Quality and Reliability

Subject MCEN90023 (2015)

Note: This is an archived Handbook entry from 2015.

Credit Points: 12.5
Level: 9 (Graduate/Postgraduate)
Dates & Locations:

This subject has the following teaching availabilities in 2015:

Semester 2, Parkville - Taught on campus.
Pre-teaching Period Start not applicable
Teaching Period 27-Jul-2015 to 25-Oct-2015
Assessment Period End 20-Nov-2015
Last date to Self-Enrol 07-Aug-2015
Census Date 31-Aug-2015
Last date to Withdraw without fail 25-Sep-2015

Timetable can be viewed here. For information about these dates, click here.
Time Commitment: Contact Hours: 34 hours of lectures, 10 hours of tutorials (one hour per week, beginning in week 2, not including week 9), two 3 hour labs/workshops per semester.
Total Time Commitment:

200 hours


112.5 points of undergraduate engineering subjects OR admission into an Engineering coursework graduate degree

Corequisites: None
Recommended Background Knowledge: None
Non Allowed Subjects:

Students cannot enrol in and gain credit for this subject and -

  • MCEN40003 Quality Engineering
Core Participation Requirements:

For the purposes of considering request for Reasonable Adjustments under the Disability Standards for Education (Cwth 2005), and Students Experiencing Academic Disadvantage Policy, academic requirements for this subject are articulated in the Subject Description, Subject Objectives, Generic Skills and Assessment Requirements of this entry. The University is dedicated to provide support to those with special requirements. Further details on the disability support scheme can be found at the Disability Liaison Unit website: http://www.services.unimelb.edu.au/disability/


Dr Alan Smith



Subject Overview:


This subject aims to equip graduates with the insights, knowledge and skills necessary for providing professional engineering input into quality management programmes and maintenance facilities in a range of business environments.


Topics covered may include total quality management, productivity and cost relationships; quality systems and their components, including international standards; interaction between quality and design functions; alternate systems approaches, including leading international concepts; quality control: the control function in quality; theory of sampling; the operating characteristic curve; the use of statistical distributions; sampling scheme design and analysis; quality improvement: process variability - measures and interaction with design; process capability and improvement studies; control charting; state of statistical stability; computerisation of process monitoring; cumulative sum techniques for quality studies; experimental design for quality improvement: reliability, measures and frequency distributions; analyses for optimal maintenance; replacement theories; management of the maintenance function.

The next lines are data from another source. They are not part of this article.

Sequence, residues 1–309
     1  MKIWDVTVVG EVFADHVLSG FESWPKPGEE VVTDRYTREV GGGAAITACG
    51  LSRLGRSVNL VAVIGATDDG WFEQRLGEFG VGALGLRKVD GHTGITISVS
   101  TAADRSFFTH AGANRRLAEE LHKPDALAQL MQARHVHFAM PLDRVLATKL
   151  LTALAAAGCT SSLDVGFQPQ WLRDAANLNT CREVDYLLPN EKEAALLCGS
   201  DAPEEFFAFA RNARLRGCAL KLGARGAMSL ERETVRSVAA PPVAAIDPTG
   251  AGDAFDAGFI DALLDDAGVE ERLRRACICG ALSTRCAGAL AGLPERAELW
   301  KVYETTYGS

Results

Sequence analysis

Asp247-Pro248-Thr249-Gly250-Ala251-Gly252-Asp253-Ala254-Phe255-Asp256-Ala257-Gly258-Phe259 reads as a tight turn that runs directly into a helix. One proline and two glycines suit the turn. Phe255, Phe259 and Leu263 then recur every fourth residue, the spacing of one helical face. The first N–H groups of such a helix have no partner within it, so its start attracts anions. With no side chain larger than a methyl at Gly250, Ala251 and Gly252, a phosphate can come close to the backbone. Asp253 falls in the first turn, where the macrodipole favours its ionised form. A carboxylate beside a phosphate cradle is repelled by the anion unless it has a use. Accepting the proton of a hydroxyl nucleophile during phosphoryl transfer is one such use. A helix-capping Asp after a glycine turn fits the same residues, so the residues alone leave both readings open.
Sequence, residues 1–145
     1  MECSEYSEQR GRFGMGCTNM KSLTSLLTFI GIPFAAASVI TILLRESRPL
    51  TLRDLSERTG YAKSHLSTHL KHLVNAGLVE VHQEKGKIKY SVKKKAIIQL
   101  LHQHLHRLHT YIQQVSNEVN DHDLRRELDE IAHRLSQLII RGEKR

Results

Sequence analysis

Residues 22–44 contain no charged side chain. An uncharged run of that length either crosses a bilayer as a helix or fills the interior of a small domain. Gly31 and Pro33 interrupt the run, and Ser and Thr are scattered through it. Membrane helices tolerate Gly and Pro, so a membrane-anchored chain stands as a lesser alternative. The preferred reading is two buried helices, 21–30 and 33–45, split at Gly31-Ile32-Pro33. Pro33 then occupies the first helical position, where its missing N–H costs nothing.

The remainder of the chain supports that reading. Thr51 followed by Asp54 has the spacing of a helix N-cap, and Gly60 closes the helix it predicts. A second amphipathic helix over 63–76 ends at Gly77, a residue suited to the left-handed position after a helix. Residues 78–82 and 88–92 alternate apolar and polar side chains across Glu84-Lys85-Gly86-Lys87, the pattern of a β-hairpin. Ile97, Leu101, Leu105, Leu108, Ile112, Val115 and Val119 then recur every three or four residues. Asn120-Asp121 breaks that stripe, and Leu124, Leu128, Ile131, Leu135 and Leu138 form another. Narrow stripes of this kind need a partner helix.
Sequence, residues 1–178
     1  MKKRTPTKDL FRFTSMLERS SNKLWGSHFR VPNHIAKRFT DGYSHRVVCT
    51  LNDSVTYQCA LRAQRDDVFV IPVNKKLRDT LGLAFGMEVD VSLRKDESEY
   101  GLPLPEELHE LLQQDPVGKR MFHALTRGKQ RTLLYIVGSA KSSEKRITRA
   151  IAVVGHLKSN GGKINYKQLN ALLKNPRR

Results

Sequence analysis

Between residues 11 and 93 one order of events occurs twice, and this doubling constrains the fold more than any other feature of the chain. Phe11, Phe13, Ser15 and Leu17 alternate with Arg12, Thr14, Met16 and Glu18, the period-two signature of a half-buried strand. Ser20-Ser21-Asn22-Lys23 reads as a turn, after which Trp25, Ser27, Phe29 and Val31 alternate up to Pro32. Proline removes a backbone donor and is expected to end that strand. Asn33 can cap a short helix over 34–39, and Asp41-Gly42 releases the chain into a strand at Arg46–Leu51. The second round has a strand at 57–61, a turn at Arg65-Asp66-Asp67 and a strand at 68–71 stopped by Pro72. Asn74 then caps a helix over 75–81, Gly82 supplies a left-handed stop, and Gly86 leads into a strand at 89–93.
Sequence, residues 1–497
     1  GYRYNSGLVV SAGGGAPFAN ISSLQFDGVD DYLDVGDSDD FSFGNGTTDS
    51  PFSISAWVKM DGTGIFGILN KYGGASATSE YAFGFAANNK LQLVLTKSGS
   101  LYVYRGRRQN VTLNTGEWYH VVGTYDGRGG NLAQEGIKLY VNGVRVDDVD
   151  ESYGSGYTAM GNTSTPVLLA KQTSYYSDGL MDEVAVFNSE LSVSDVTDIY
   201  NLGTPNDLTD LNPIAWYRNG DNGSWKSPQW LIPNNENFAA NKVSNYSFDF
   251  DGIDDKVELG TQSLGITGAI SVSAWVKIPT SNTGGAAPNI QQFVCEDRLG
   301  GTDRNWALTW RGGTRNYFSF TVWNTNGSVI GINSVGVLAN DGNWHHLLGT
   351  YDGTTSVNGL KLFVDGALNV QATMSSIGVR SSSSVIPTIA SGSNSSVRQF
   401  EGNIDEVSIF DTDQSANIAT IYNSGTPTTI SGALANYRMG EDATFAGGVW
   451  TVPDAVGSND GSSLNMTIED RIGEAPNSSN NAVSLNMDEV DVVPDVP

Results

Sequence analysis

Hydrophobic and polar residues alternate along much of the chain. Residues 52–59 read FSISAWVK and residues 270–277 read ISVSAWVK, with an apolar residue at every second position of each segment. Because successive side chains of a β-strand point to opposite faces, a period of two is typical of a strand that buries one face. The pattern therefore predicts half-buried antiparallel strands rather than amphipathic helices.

Learning Outcomes:


Having completed this subject the student is expected to be able to -

  1. Explain what constitutes a quality system (both generally and with respect to international standards)
  2. Develop strategies for implementing a quality system and its components
  3. Explain and quantify the relationships between process capability and tolerances
  4. Analyse and assess all common types of sampling schemes, and design a 'single' attribute or variables sampling scheme
  5. Design, analyse and interpret 'Shewhart-type' process control charts and CUSUMS for process control
  6. Apply optimisation techniques to maintenance
  7. Analyse the reliability of systems
  8. Develop economic strategies for replacing equipment.
  • One 3-hour examination at the end of semester (65%)
  • One essay of 1000 words (due fifth week) and associated class presentation of 20 minutes and class participation (15%) requiring approximately 20-25 hours of work
  • One assignment and one laboratory report (incl. participation before the tenth week) not exceeding 2200 words each, excluding appendices, computations, diagrams, tables and computer output, Requires approximately 13-15 hours of work each (10% each).

ILO 1 & 2 will be assessed by coursework (15%) and examination (15%)
ILO 3 – 5 will be assessed by examination (20%)
ILO 6 will be assessed by coursework (10%) and examination (8%)
ILO 7 will be assessed by coursework (10%) and examination (7%)
ILO 8 will be assessed by examination (15%)

Prescribed Texts:


Breadth Options:

This subject is not available as a breadth subject.

Fees Information: Subject EFTSL, Level, Discipline & Census Date
Generic Skills:
  • Ability to undertake problem identification, formulation, and solution
  • Ability to utilise a systems approach to complex problems and to design and operational performance
  • Understanding of the business environment
  • Ability to function effectively as an individual and in multidisciplinary and multicultural teams, as a team leader or manager as well as an effective team member.



The subject will be delivered through a combination of lectures, seminars, tutorials and workshops that will feature student-centred activities.


A lecture outline and reading list will be provided at the start of each section.

A book written by the lecturer, Smith AJR, Quality and Reliability Management, 2nd edition, and overheads will be available on LMS.

There will be some additional material provided on LMS if and as required or requested by students.


Quality engineer

Maintenance engineer

Quality manager

Maintenance manager

Related Course(s): Master of Engineering Management
Master of Engineering Project Management
Master of Philosophy - Engineering
Ph.D.- Engineering
Related Majors/Minors/Specialisations: B-ENG Mechanical Engineering stream
Master of Engineering (Mechanical)

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